Majority of Residents in Kitchener, Waterloo and Cambridge Strongly Support Referendum on Proposed LRT

After Learning Costs of Proposed System, More Residents Oppose (48%) than Support (39%) Region’s Proposed LRT Plan

Wednesday, May 25, 2011

Kitchener, ON – In the face of a controversial plan proposed by the Regional Municipality of Waterloo to build light-rail transit in Kitchener and Waterloo, along with rapid buses extending into Cambridge, a new Ipsos Reid poll conducted on behalf of Taxpayers for Sensible Transit has revealed that eight in ten (83%) ‘agree’ that ‘the Region of Waterloo should hold a referendum on its proposed light-rail transit system before making a final decision’. Moreover, 59% ‘strongly agree’ with this sentiment, and 24% ‘somewhat agree’. Conversely, only two in ten (16%) ‘disagree’ (9% strongly/7% somewhat), while 2% don’t know. Desire for a referendum is strong among all demographic groups studied, including among those who support (75%) the region’s plan and those who oppose (89%) it.

While nearly two in three (63%) residents are ‘familiar’ with the proposal, just 17% say that they are ‘very familiar’ while 46% are just ‘somewhat familiar’. Four in ten (36%) are ‘not familiar‘ (16% not at all/20% not very) with the proposed plan.

Various options for rapid transit were presented by the region for consideration. Thinking about which of the following plans they prefer in principle, one in three (32%) support ‘the transit system we currently have in place, with gradual improvements to the existing bus and road system’. While nearly two in three (64%) support some sort of change to the existing system, there is no consensus on which type of change is best: full light rail from Waterloo to Cambridge (26%), some combination of light rail in Kitchener and Waterloo and rapid buses in Cambridge (23%) or full rapid bus system from Waterloo to Cambridge (15%).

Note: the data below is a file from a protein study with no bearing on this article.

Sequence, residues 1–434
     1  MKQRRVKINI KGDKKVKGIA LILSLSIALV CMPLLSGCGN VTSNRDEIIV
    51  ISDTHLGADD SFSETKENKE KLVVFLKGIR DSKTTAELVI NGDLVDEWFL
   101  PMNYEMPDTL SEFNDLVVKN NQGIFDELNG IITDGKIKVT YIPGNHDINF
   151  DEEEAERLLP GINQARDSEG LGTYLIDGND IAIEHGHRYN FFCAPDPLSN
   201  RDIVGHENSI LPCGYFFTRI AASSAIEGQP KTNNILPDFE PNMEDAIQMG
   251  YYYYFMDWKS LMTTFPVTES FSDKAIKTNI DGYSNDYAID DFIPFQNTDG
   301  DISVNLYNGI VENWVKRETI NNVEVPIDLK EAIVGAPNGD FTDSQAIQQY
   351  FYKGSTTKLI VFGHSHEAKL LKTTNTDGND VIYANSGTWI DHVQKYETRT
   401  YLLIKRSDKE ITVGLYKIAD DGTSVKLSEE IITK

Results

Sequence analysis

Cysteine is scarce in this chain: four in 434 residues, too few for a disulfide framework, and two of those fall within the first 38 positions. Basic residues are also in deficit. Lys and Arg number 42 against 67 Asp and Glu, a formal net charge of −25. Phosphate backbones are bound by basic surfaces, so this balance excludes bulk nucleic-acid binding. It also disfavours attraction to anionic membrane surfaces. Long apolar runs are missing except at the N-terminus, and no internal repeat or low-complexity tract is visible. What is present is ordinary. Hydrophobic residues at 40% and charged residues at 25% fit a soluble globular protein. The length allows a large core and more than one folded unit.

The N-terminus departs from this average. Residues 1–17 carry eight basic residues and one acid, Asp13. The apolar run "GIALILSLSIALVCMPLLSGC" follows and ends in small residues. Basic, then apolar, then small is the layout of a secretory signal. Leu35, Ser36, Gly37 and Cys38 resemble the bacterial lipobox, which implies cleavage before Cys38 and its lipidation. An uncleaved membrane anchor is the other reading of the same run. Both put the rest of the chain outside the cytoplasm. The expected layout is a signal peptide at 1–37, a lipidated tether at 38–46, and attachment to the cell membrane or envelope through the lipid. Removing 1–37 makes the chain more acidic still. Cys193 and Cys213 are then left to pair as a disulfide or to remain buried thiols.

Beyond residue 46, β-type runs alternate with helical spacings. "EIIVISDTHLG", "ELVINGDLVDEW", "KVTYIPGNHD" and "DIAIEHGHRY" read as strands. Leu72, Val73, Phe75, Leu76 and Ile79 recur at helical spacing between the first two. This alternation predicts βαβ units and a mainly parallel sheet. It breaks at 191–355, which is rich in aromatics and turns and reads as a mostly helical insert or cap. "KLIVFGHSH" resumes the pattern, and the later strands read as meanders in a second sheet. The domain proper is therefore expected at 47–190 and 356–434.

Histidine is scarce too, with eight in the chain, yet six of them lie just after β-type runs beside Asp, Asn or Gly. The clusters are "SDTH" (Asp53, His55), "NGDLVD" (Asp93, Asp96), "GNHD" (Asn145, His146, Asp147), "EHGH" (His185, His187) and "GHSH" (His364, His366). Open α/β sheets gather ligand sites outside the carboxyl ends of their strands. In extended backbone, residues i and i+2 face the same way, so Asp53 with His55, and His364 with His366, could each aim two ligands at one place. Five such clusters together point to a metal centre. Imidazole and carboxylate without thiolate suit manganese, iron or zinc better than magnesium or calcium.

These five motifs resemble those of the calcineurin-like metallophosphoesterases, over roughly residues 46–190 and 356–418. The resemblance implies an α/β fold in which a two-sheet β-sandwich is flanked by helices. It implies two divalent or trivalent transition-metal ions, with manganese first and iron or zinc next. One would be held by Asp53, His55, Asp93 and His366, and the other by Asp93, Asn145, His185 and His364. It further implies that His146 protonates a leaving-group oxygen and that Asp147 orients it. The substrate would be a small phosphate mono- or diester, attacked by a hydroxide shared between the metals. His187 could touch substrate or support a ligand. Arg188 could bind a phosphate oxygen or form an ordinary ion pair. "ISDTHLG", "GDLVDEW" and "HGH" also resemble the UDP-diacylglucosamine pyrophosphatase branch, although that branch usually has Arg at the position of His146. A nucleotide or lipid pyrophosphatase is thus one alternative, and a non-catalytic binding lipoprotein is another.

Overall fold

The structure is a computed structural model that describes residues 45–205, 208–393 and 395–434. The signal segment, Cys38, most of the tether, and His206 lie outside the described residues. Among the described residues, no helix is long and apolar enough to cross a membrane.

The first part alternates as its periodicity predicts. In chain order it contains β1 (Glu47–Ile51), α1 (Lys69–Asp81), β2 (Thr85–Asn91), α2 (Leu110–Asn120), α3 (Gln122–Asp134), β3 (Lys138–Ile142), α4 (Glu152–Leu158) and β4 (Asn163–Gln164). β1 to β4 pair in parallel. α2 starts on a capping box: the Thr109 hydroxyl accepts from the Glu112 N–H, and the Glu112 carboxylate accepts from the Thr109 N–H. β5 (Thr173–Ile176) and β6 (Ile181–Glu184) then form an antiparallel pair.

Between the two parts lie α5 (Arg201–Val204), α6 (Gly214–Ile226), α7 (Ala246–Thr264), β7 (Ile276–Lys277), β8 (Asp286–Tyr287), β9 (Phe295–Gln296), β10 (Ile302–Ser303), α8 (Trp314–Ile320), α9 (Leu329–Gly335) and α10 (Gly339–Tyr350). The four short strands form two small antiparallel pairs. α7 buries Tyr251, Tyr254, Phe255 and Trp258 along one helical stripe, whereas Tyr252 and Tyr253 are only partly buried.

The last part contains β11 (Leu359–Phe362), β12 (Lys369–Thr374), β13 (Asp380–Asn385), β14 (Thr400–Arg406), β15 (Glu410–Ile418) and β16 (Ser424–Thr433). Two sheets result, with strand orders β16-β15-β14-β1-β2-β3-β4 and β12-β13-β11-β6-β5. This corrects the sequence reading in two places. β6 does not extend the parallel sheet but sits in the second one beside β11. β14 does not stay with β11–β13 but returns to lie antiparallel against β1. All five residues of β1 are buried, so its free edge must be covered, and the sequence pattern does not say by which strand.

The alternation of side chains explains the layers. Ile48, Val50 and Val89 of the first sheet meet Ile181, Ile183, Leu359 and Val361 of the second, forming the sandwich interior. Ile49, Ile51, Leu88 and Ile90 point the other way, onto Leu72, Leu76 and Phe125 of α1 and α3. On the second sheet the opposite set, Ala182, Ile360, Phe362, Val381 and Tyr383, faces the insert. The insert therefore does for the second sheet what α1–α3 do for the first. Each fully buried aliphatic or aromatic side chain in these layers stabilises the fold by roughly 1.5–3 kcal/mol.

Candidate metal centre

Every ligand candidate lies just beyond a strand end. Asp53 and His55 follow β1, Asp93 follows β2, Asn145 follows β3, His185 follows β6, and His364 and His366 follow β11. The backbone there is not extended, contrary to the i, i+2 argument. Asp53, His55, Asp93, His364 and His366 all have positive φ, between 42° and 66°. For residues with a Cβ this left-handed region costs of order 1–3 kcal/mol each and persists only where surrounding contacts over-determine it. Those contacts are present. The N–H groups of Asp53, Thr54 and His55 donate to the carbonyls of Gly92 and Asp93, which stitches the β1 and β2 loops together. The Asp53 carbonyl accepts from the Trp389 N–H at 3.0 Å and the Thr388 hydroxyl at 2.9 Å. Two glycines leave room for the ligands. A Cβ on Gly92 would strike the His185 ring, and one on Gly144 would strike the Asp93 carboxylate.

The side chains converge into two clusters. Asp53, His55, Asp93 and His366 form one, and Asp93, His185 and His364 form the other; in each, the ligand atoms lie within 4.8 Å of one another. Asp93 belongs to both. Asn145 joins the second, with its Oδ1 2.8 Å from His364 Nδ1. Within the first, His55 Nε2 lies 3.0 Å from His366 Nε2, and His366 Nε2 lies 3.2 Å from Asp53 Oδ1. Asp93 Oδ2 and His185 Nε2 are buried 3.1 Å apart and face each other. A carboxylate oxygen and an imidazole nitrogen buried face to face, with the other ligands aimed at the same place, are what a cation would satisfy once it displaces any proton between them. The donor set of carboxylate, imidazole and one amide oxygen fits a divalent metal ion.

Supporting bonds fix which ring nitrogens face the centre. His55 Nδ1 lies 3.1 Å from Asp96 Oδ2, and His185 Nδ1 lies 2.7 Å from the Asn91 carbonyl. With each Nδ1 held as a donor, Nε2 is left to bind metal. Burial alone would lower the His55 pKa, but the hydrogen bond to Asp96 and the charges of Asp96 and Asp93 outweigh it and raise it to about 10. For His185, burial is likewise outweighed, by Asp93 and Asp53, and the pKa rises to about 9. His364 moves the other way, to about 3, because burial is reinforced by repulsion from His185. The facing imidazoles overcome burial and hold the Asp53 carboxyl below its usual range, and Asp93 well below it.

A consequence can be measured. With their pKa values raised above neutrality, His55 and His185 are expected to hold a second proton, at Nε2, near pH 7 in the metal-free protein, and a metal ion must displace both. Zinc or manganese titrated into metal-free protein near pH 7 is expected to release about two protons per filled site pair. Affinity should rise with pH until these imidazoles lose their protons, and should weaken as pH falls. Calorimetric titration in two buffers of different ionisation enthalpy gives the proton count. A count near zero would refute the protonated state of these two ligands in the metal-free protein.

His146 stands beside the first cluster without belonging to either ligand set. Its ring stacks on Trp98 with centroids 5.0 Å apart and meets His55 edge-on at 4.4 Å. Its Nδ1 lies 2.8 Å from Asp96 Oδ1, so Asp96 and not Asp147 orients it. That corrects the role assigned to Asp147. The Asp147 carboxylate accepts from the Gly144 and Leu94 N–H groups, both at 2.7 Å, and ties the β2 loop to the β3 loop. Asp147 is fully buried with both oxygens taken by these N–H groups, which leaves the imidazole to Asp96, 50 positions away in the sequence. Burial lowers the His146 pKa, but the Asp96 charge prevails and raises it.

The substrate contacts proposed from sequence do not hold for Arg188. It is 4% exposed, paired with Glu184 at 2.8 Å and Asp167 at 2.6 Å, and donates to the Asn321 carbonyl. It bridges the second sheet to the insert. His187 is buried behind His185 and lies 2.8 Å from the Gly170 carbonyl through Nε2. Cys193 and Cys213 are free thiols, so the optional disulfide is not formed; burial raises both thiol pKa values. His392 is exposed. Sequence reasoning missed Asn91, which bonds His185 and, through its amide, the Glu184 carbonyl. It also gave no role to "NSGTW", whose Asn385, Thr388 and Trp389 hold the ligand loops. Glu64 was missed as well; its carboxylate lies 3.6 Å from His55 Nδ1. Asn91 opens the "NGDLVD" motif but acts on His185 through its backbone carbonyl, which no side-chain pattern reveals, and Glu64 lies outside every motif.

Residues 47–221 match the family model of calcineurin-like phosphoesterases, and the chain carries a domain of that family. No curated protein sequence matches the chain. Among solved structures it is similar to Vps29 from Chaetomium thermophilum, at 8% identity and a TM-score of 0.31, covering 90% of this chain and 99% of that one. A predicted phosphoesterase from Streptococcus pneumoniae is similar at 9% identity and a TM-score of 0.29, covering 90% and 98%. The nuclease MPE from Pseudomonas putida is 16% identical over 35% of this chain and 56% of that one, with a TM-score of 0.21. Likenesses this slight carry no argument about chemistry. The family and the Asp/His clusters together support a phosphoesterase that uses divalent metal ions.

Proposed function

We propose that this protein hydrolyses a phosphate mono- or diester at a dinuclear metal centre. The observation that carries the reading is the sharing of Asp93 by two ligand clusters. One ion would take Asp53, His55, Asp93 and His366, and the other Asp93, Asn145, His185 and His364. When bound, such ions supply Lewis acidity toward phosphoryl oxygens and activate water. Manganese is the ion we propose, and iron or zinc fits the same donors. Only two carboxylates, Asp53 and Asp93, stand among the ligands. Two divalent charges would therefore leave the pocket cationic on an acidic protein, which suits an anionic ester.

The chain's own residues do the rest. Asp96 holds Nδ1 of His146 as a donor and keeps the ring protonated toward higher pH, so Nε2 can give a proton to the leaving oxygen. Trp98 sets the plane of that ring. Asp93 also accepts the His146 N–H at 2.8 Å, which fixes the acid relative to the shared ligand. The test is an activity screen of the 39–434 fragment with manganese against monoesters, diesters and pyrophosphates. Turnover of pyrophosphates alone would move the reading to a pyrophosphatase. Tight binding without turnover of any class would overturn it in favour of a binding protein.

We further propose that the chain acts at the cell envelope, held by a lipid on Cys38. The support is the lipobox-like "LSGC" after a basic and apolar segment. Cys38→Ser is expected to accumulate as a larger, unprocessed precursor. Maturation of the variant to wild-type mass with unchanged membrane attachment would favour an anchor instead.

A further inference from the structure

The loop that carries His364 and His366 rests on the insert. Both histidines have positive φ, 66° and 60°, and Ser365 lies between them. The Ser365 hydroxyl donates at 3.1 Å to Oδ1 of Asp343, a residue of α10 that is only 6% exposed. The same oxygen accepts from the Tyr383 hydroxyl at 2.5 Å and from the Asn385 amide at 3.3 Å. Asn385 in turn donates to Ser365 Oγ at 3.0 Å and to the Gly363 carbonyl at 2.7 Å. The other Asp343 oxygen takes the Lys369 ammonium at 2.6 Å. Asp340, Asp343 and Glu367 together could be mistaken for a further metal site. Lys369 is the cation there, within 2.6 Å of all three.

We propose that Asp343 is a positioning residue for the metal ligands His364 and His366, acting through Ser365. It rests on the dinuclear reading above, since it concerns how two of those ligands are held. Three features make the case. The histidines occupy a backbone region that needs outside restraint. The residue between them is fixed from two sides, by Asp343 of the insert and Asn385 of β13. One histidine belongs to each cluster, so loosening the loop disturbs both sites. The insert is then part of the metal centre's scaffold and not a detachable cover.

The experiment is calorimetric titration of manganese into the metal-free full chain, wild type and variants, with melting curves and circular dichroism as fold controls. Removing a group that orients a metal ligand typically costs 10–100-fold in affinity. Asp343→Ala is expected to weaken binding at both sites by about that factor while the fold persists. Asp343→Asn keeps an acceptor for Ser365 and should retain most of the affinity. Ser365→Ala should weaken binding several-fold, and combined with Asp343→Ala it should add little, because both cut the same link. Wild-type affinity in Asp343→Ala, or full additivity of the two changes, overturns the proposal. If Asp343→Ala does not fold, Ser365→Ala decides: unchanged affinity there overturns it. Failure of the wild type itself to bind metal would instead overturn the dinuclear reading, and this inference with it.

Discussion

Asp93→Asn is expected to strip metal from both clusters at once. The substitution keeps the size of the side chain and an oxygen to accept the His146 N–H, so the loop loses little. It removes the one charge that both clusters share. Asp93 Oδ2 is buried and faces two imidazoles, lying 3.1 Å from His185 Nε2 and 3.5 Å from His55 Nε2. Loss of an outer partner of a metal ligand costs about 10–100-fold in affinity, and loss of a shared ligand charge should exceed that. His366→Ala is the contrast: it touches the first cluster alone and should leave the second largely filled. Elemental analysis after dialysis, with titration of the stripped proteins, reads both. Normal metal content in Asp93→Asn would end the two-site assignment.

Regional government's proposed plan is a combination of two separate technologies. It calls for electric trains on dedicated lanes in Kitchener and Waterloo, running between Conestoga Mall and Fairview Park Mall. Buses driving in mixed traffic with features to avoid congestion would run to the Ainslie Street terminal in Cambridge. Thinking about this plan in principle – with no price tag attached – just one half (50%) ‘support’ (18% strongly/33% somewhat) the plan, compared to one in three (31%) who ‘oppose’ (19% strongly/12% somewhat) it, and 18% neither support nor oppose it.

But the estimated capital cost of the region's rapid transit proposal is $818 million. After contributions from the federal and provincial governments, the cost to the Region is $253 million. This will require a total tax increase of 10.5 percent over seven years. For an average household, this would amount to approximately $700 over those seven years. Knowing the cost to the region, and ultimately to taxpayers in Waterloo Region, more residents ‘oppose’ (48% -- 33% strongly/15% somewhat) the plan than ‘support’ (39% -- 16% strongly/24% somewhat) it.

If the current plan – a combination of trains in Kitchener and Waterloo and rapid buses in Cambridge – goes forward and is implemented, 8% of residents say they’d use this form of rapid transit on a daily basis, while 11% would use it weekly, 23% occasionally, 21% rarely and 36% never. This compares to 8% of residents who use the current GRT system on a daily basis, weekly (7%), occasionally (13%), rarely (21%) or never (51%).

These are the findings of an Ipsos Reid poll conducted on behalf of Taxpayers for Sensible Transit from May 13 to 17, 2011. For the survey, a representative randomly-selected sample of 1,025 adult Canadians living in Kitchener, Waterloo or Cambridge was interviewed by telephone (including cellphone). Further, quotas based on age were implemented to ensure proper age representation across the sample. With a sample of this size, the results are considered accurate to within ± 3.1 percentage points, 19 times out of 20, of what they would have been had the entire adult population of Kitchener, Waterloo and Cambridge been polled. The margin of error will be larger within regions and for other sub-groupings of the survey population. These data were weighted to ensure that the sample's regional and age composition reflects that of the actual population according to Waterloo Regional population estimates.

For more information on this news release, please contact:

Sean Simpson
Associate Vice President
Ipsos Reid

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Majority of Residents in Kitchener, Waterloo and Cambridge Strongly Support Referendum on Proposed LRT


Sean Simpson
Vice President, Canada
Ipsos Public Affairs